How to map memory uncached on PPC.
benh at kernel.crashing.org
Sat Aug 20 11:06:03 EST 2005
On Fri, 2005-08-19 at 08:17 -0700, Stephen Williams wrote:
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> My setup is Linux PPC kernel 2.4.30 on an embedded PPC405BPr.
> The board has some image processing devices including compressors.
> I'm working with high image rates so performance is a issue.
> The drivers for the pci based compressor chips support readv
> and use map_user_kiobuf and pci_map_single to map the output
> buffers for the read. (The devices do scatter DMA.) This is
> too slow, though. More time is spent mapping then compressing!
> I did some measurements, at it seems that the vast amount of
> the time is spent in pci_map_single, which calls only the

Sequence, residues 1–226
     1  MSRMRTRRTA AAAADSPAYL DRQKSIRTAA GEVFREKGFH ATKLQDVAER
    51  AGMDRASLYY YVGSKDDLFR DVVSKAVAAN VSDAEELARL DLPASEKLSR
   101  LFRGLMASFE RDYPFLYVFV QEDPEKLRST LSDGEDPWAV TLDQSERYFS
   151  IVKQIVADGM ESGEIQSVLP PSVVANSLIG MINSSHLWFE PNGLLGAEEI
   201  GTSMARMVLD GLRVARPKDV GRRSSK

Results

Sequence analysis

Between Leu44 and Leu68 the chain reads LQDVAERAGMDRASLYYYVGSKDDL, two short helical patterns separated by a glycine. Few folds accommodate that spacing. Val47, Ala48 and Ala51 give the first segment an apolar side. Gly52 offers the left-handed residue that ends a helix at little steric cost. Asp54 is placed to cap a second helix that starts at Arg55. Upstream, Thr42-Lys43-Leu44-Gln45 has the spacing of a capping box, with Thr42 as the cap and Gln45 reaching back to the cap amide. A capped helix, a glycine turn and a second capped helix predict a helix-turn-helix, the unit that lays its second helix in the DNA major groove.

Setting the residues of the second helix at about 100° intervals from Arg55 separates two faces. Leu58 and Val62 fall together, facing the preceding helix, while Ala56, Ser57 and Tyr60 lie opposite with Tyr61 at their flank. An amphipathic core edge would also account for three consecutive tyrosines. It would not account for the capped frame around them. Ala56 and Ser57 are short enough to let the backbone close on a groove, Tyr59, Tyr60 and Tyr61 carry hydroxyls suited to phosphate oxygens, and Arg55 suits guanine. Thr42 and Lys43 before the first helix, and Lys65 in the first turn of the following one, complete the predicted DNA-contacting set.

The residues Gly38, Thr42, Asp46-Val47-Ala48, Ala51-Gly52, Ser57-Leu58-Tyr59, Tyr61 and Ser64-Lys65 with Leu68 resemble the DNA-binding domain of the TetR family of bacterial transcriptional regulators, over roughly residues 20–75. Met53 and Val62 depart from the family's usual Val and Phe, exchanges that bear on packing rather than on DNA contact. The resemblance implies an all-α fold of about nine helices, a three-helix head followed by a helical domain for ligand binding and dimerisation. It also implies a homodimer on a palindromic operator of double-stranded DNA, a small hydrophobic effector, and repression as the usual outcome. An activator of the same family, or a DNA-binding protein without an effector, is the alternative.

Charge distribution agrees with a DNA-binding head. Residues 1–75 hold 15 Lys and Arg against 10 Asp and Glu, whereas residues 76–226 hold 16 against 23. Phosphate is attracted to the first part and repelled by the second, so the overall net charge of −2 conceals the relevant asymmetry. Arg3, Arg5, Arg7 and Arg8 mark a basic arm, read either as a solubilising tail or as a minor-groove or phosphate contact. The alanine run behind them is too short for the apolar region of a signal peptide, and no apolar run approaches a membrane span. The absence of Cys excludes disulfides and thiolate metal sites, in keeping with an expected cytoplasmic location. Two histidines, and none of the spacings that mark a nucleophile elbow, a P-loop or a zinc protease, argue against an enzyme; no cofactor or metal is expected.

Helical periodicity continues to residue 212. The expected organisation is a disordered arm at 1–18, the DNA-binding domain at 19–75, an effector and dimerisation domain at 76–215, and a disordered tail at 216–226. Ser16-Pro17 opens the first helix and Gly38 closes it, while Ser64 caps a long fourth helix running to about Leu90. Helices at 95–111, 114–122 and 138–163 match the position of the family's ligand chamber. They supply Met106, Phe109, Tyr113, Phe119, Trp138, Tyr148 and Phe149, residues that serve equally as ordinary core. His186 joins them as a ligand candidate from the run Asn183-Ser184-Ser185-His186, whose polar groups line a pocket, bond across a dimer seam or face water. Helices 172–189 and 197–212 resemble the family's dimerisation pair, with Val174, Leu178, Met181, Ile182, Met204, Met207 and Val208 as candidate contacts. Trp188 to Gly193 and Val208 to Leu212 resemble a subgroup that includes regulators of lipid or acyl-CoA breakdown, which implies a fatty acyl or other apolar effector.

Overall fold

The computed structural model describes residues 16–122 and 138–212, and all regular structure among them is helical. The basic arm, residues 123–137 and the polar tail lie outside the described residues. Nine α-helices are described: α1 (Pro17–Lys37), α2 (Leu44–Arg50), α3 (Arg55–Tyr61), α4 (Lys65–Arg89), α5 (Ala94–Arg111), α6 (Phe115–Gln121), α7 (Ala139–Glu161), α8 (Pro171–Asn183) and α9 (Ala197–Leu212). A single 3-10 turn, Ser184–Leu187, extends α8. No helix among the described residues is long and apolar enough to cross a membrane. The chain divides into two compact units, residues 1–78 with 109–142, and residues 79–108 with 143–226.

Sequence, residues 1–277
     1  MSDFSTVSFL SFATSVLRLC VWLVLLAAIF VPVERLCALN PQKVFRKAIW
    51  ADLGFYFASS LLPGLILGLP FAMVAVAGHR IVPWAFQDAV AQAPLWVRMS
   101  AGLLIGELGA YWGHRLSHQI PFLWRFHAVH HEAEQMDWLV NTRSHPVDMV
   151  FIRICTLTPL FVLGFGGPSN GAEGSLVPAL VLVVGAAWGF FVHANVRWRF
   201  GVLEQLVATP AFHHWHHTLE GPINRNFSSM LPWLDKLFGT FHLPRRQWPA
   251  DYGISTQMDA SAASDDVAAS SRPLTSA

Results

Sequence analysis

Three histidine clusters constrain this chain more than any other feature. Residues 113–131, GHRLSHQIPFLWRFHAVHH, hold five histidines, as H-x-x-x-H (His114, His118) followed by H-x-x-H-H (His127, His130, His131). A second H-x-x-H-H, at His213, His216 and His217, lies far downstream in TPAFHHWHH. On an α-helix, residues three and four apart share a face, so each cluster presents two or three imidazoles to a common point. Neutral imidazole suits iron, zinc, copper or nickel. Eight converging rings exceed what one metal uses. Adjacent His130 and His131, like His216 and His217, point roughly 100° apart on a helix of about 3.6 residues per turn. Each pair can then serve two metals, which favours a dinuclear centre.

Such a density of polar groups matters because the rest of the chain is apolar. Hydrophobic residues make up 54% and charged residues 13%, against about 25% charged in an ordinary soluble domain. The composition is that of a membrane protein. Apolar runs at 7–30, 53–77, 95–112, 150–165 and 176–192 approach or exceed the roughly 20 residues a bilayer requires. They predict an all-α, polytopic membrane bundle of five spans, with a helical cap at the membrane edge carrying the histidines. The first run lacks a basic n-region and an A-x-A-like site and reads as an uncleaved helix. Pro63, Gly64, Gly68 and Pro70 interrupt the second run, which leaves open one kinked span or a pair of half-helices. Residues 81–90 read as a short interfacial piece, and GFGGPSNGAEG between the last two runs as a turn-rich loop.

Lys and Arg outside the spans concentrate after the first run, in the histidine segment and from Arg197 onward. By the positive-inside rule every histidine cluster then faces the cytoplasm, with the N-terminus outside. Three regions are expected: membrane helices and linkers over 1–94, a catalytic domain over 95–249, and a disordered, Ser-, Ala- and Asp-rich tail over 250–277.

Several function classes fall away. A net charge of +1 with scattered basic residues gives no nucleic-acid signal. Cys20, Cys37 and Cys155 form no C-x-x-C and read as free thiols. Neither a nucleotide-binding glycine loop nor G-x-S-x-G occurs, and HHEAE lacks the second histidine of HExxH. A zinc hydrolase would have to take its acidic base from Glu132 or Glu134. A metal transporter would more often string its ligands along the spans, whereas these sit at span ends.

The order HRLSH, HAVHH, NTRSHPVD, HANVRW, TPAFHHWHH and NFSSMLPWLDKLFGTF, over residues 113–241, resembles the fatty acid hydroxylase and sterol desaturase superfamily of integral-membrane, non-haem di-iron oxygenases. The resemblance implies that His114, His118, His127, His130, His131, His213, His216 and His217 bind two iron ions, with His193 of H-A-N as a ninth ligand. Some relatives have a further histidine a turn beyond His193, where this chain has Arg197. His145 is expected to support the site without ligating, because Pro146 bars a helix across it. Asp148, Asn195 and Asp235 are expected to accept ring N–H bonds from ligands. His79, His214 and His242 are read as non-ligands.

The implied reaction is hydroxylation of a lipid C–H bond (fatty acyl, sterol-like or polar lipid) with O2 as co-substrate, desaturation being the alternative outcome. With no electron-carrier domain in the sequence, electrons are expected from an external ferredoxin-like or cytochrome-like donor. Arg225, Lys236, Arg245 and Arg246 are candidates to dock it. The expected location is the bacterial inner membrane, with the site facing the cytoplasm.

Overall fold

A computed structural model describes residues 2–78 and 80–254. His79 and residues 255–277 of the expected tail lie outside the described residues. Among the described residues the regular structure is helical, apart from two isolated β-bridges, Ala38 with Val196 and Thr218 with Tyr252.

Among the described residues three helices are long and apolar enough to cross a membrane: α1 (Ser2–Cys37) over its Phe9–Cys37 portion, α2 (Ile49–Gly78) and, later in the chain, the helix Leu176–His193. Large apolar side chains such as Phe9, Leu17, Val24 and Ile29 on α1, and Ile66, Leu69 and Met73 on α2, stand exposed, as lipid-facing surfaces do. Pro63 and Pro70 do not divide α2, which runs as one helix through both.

> consistent_sync function, which for FROMDEVICE calls only
> invalidate_dcache_range. So I'm convinced that invalidating
> the cache for the output buffer (which is large, in case the
> image that arrives is large) is taking most of the time. So
> I want to eliminate it.
> And the way I want to do that is to have a heap of memory in
> the user-mode process mapped uncached. The hope is that I can
> pass that through the readv to the driver, which sets up the
> DMA. Then I can skip the pci_map_single (and the thus the
> invalidate_dcache_range) thus saving lots of time.
> Plan-B would be to have a driver allocate the heap of memory,
> but I really need the mapping into user mode to be uncached,
> as the processor does some final touch up (header et al) before
> sending it to the next device.
A simple experiment you can do is limit the memory used by the kernel
(booting with mem=xxxx) and then use mmap of /dev/mem to map the
remaining memory like if it was an IO device, uncached. With that, you
get a quick hack solution to validate the performance benefit at least.
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